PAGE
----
Gulf states: nuclear talks set to focus on Iranian missile program
DUBAI, June 16 (Reuters) – The Arab Gulf states on Wednesday said it would be dangerous to separate the world powers’ nuclear deal with Iran from Tehran’s missile program and its “destabilizing” behavior, and have reiterated their call to include them in the dialogue.
The world powers and Iran on Saturday began a sixth round of talks in Vienna to revive the 2015 nuclear pact which Saudi Arabia and its allies opposed for failing to address their concerns, and which the United States dropped out in 2018.
Tehran has opposed any attempt to add other issues to the deal, under which it has agreed to curtail its nuclear program in exchange for the lifting of international sanctions. US President Joe Biden wants to reinstate the deal abandoned by his predecessor Donald Trump.
Arab Gulf foreign ministers urged the powers to strike a deal with tighter restrictions and a longer duration, and “tie it to practical confidence-building measures” to prevent an arms race and a new conflict in the region.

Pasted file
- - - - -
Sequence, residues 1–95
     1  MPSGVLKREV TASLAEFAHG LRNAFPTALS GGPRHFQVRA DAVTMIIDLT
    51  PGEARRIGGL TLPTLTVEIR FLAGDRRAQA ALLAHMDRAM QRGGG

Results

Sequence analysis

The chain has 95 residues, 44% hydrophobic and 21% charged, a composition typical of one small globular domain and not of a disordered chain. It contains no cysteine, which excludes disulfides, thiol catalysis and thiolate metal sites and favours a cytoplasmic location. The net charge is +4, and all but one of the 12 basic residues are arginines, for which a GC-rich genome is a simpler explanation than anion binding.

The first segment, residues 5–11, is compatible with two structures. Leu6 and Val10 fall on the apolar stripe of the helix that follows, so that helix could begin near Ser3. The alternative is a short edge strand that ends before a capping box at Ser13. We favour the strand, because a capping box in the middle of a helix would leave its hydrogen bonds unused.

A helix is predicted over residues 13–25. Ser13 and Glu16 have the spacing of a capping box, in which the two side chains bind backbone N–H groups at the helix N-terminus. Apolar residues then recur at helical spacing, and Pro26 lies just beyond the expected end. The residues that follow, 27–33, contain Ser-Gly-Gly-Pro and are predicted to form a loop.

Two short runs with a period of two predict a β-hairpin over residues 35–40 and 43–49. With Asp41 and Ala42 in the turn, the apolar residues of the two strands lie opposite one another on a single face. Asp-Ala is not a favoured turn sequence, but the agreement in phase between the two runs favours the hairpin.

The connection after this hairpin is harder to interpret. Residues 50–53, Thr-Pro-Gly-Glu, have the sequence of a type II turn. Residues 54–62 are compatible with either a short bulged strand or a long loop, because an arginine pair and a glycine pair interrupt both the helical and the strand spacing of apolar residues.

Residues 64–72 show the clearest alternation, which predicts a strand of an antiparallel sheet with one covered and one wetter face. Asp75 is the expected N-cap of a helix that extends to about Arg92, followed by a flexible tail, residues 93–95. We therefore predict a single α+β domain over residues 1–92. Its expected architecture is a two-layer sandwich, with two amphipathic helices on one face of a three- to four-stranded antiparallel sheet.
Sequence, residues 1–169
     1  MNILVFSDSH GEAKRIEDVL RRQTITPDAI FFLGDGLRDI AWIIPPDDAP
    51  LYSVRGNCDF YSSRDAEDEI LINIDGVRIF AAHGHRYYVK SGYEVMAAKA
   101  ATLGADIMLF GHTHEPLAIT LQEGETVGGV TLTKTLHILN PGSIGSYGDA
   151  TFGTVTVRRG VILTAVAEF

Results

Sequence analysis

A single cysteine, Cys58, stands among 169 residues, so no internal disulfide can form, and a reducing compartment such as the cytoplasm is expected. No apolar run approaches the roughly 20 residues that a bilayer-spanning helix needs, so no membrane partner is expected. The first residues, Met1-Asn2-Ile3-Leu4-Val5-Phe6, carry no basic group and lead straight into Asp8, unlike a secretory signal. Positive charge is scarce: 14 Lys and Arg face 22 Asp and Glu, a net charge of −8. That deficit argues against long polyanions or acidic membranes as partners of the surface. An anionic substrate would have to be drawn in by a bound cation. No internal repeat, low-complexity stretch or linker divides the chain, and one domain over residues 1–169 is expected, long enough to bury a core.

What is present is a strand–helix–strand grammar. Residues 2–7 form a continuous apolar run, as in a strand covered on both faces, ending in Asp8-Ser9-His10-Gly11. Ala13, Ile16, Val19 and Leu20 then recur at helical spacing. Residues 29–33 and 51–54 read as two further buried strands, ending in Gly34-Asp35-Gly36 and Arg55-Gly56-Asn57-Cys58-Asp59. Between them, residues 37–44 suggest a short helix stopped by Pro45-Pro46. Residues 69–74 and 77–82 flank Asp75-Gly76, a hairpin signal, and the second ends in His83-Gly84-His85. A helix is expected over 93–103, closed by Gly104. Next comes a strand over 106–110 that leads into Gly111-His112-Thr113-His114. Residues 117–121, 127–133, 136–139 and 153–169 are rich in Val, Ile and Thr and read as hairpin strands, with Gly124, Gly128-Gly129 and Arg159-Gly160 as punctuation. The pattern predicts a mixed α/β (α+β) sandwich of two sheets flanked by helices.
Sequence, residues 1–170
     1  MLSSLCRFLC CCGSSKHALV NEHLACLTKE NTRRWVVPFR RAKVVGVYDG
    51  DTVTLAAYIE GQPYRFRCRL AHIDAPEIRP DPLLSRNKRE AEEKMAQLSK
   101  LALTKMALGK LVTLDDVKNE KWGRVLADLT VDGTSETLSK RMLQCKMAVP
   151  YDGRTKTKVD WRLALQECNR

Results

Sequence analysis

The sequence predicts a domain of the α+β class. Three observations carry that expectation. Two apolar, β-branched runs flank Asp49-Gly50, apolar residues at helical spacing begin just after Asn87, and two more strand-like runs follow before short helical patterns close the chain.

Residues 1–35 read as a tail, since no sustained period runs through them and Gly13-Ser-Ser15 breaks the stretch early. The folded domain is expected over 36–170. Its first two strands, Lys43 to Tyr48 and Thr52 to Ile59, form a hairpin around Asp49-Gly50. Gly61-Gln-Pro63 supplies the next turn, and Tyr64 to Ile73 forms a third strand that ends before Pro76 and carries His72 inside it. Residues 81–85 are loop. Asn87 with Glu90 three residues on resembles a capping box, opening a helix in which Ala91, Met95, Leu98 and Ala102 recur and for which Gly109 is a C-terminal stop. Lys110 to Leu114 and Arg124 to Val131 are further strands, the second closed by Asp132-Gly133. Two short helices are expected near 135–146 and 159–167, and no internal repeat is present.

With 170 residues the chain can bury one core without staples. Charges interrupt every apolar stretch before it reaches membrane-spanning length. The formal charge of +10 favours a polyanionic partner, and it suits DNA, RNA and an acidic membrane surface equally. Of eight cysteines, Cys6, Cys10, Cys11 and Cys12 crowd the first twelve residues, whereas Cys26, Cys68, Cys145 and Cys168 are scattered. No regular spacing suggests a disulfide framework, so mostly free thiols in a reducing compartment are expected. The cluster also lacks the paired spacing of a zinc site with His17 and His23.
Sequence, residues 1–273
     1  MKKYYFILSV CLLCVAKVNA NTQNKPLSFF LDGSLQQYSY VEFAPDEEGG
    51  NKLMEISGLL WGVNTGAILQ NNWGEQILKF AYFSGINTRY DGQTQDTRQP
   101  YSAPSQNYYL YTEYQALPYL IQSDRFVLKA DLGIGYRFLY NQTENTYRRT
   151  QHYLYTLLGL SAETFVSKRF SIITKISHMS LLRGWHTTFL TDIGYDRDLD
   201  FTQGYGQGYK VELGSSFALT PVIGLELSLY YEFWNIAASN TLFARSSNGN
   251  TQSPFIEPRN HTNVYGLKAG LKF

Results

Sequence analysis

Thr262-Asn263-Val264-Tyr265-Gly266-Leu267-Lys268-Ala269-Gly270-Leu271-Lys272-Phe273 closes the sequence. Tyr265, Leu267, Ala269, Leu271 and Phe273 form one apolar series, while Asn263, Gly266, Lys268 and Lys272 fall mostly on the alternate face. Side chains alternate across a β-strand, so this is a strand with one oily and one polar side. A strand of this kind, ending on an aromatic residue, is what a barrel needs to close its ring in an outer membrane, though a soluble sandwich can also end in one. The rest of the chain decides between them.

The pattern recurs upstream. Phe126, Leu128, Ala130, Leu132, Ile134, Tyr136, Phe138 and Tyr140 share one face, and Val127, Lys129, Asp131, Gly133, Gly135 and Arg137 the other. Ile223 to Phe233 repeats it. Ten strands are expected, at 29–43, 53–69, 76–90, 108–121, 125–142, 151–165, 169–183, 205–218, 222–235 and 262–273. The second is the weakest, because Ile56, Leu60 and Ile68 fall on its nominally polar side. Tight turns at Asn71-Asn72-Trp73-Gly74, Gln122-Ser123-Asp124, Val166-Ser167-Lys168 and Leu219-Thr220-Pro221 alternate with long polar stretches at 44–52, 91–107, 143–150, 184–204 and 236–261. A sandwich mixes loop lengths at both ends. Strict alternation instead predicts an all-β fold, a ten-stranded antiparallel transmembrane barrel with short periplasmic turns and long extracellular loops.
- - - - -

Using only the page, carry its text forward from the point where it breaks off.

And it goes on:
In a statement after a meeting in Riyadh, they said the Gulf states should be involved in global negotiations with Tehran and were ready to “cooperate and deal seriously and effectively with the Iranian nuclear issue … on the basis of respect for sovereignty and good neighborliness. “.
The statement stressed “the danger of separating the implications of the nuclear deal” from Iran’s missile program and support for regional proxies, and urged Tehran to engage seriously in the talks and avoid escalations.
Sunni Muslim Saudi Arabia and Shiite Iran, which severed ties in 2016, began direct talks in Iraq in April to contain tensions.
They are locked in a rivalry that has taken place across the region, including Yemen, where a Riyadh-led military coalition has been fighting the Iran-aligned Houthi movement for more than six years.
Reporting by Marwa Rashad; written by Raya Jalabi; edited by Mark Heinrich
Our standards: Thomson Reuters Trust Principles.